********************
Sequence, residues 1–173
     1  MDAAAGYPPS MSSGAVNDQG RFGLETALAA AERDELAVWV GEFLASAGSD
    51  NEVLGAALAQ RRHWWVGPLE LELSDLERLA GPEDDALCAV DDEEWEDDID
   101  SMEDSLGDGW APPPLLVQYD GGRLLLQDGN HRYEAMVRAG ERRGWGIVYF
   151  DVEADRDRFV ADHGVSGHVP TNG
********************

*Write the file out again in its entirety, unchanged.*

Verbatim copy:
Sequence, residues 1–173
     1  MDAAAGYPPS MSSGAVNDQG RFGLETALAA AERDELAVWV GEFLASAGSD
    51  NEVLGAALAQ RRHWWVGPLE LELSDLERLA GPEDDALCAV DDEEWEDDID
   101  SMEDSLGDGW APPPLLVQYD GGRLLLQDGN HRYEAMVRAG ERRGWGIVYF
   151  DVEADRDRFV ADHGVSGHVP TNG